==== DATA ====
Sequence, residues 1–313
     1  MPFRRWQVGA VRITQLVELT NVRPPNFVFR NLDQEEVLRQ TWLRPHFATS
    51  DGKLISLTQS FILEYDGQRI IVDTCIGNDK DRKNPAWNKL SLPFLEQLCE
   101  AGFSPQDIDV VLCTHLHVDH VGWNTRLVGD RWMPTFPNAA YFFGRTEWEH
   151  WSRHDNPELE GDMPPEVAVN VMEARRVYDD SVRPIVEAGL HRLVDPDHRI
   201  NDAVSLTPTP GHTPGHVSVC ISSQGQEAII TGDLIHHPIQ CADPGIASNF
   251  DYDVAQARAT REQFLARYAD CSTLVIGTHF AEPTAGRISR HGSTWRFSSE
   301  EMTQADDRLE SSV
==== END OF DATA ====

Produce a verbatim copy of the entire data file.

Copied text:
Sequence, residues 1–313
     1  MPFRRWQVGA VRITQLVELT NVRPPNFVFR NLDQEEVLRQ TWLRPHFATS
    51  DGKLISLTQS FILEYDGQRI IVDTCIGNDK DRKNPAWNKL SLPFLEQLCE
   101  AGFSPQDIDV VLCTHLHVDH VGWNTRLVGD RWMPTFPNAA YFFGRTEWEH
   151  WSRHDNPELE GDMPPEVAVN VMEARRVYDD SVRPIVEAGL HRLVDPDHRI
   201  NDAVSLTPTP GHTPGHVSVC ISSQGQEAII TGDLIHHPIQ CADPGIASNF
   251  DYDVAQARAT REQFLARYAD CSTLVIGTHF AEPTAGRISR HGSTWRFSSE
   301  EMTQADDRLE SSV